Today’s Sunday Sequence programme on BBC Radio Ulster featured a segment by Malachi O’Doherty on the effect of the Iris Robinson scandal on evangelical culture in Northern Ireland. Amongst others, O’Doherty interviewed Dr Claire Mitchell of Queen’s University Belfast, a collaborator in my own research on evangelicalism.
Dr Mitchell’s comments highlighted a significant tension within evangelicalism. On the one hand there can be a tendency to reject people who do not conform to strictly-defined standards, especially around issues of sexual morality such as homosexuality, sex before marriage, single mothers, and yes – adultery.
In our research, we interviewed a number of people who had left evangelicalism. Many of these had been badly hurt by the way their evangelical churches had reacted to their perceived ‘sins.’ In some cases, people even confessed their sins to other evangelicals, but felt that they were judged and never really accepted back into full communion with their churches. Some people picked up on a certain hypocrisy within evangelicalism, where ‘leaders’ who sinned were not held accountable but where people like themselves were shunned.
Other people we spoke with simply detected a rejecting attitude, like a single mother who took her child to church one Christmas, only to hear the congregation sing a hymn about ‘all the poor single parent children who Santa wasn’t coming to visit.’ She said this made her feel ‘awful’ and ‘very small.’
On the other hand, Dr Mitchell told O’Doherty that although Mrs. Robinson’s political career is effectively over, she still has a chance at religious redemption. Dr Mitchell also said that the tools of Northern Ireland’s evangelical culture may even be able to help her achieve this.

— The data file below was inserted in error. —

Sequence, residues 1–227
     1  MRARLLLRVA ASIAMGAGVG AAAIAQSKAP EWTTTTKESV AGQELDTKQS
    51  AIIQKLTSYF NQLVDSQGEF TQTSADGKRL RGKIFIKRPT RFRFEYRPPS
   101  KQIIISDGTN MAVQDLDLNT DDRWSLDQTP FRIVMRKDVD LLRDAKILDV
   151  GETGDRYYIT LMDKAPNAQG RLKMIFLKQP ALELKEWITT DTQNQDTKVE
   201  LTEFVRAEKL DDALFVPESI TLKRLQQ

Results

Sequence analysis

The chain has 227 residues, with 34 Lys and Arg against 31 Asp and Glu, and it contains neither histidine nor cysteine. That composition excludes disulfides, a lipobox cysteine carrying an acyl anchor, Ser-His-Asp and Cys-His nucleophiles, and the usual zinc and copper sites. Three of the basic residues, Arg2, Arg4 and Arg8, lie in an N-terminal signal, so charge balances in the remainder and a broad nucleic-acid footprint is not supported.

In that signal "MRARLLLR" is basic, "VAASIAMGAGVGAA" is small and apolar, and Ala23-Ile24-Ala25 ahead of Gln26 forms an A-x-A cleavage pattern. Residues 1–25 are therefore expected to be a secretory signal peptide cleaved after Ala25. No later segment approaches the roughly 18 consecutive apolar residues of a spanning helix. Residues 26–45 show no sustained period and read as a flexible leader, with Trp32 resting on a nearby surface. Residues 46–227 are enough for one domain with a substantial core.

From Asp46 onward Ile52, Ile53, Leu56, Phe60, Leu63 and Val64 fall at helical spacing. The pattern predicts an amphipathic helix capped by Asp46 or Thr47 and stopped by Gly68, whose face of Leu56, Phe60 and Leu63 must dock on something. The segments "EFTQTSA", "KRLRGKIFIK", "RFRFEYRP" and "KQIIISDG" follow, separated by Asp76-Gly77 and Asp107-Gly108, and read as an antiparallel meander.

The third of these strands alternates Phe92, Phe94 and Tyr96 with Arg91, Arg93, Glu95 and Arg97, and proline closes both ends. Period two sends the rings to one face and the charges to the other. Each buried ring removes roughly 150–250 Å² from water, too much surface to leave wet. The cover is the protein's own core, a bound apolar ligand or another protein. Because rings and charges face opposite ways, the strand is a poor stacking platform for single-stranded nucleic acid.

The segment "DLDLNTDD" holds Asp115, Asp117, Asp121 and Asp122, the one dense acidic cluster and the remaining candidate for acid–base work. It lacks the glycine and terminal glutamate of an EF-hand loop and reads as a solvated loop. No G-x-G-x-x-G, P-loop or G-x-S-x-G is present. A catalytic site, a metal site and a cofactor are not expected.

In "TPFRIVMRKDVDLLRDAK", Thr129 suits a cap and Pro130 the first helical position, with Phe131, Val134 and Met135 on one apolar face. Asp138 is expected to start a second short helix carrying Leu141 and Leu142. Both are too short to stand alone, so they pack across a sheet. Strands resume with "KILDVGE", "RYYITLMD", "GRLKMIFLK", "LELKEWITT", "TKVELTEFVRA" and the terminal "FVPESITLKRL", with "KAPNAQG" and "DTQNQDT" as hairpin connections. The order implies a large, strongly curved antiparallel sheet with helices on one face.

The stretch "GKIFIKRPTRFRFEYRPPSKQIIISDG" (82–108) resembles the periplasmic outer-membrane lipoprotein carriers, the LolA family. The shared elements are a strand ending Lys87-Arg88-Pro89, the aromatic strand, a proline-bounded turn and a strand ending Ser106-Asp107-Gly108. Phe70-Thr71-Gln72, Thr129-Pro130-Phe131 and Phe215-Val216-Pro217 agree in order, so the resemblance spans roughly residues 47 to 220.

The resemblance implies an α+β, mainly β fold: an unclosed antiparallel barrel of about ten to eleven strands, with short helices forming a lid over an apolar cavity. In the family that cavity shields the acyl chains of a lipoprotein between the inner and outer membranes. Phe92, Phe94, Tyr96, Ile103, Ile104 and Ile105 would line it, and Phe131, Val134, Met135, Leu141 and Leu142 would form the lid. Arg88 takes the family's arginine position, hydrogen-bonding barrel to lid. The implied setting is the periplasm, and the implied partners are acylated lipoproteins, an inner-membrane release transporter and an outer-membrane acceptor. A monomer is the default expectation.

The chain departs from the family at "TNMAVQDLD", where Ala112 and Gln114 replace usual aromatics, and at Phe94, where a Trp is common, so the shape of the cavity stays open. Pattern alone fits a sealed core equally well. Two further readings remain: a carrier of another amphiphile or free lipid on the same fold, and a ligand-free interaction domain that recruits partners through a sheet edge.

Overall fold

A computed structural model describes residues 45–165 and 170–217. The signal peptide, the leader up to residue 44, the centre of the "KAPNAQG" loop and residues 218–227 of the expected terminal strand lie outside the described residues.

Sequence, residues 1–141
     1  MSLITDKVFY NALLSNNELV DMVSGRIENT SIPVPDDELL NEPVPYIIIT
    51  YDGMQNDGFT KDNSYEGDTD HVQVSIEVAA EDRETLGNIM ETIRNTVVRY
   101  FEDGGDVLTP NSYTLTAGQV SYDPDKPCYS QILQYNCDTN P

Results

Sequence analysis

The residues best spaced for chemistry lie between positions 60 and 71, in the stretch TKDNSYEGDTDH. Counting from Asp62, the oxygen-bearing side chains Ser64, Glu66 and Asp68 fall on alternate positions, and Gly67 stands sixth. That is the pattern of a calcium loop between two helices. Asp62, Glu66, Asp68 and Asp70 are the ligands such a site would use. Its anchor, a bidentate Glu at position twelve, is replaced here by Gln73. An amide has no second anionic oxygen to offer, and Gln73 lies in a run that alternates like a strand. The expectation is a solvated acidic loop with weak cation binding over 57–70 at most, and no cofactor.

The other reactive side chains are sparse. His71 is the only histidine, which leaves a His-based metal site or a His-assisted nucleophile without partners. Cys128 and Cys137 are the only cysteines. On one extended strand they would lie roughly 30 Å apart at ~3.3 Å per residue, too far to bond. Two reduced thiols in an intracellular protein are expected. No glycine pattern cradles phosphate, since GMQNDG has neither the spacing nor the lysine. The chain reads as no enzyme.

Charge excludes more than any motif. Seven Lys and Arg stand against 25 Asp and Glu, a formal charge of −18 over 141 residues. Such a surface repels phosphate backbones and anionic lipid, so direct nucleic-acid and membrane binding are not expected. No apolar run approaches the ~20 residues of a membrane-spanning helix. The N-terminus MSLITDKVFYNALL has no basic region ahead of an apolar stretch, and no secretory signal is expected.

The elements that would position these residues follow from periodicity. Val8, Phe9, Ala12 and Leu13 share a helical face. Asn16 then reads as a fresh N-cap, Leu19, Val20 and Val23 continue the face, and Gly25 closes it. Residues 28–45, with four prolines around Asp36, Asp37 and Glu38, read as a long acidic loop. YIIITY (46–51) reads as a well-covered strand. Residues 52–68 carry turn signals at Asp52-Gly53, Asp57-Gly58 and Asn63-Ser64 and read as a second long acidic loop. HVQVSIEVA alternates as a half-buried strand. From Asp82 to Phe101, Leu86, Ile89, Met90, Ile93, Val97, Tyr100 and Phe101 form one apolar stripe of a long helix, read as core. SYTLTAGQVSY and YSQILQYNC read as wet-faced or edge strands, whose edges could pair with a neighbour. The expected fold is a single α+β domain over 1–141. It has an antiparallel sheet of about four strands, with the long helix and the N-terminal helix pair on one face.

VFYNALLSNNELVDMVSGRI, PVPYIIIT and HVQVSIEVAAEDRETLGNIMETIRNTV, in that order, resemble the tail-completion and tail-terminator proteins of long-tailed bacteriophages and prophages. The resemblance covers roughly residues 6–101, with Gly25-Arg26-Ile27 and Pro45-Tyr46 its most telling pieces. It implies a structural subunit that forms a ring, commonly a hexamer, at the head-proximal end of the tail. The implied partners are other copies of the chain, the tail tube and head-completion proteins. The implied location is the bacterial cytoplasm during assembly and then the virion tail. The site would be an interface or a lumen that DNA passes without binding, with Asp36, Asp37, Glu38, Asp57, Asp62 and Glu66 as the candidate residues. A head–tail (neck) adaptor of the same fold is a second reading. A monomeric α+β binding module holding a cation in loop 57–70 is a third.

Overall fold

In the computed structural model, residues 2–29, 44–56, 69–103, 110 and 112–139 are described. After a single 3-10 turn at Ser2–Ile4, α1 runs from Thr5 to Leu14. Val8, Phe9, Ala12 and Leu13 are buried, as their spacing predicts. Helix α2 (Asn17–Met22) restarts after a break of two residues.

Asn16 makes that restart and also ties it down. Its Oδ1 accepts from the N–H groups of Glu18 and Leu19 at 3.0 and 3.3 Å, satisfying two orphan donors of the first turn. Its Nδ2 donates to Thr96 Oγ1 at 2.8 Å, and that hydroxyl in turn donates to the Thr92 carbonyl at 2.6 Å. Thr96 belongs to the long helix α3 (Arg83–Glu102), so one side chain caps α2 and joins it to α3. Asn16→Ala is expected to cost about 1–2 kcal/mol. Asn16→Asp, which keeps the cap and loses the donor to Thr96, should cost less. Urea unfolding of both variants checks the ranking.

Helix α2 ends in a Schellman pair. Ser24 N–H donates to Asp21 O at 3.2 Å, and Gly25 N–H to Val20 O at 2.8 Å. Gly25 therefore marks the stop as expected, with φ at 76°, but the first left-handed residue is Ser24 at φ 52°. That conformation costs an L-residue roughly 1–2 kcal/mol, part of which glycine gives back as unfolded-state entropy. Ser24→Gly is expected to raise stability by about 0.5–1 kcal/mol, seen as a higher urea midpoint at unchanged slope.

Dr Mitchell talked about how many of the people we interviewed for our research were on religious ‘journeys,’ with ups and downs, periods of darkness and doubt, times when they felt abandoned and far from God, but also times when they believed themselves to be forgiven and redeemed.
Rather than leaving evangelicalism, these people embraced this roller-coaster ride of faith and said they were the better for it – God had brought them safely out the other side. In this process, they were helped by their spouses, their children, their extended families, and people in their evangelical churches. Many said that they felt God’s presence or heard God’s voice during their trials. They took comfort in the love of an interventionist God.
Another commentator in O’Doherty’s segment, journalist Fionola Meredith, noted that there’s nothing evangelicals in Ulster like better than a repentant sinner. And indeed, Mrs. Robinson has publicly said that she is sorry, and has said that her husband and her God have forgiven her. This could be her first step in a journey of personal religious redemption.
Dr Mitchell’s comments about the competing tendencies within evangelicalism to both reject and redeem those have ‘sinned’ are not easily resolved, but they give us some insight into both the harshness and the healing that this expression of Christianity can offer.
(Photo from BBC website)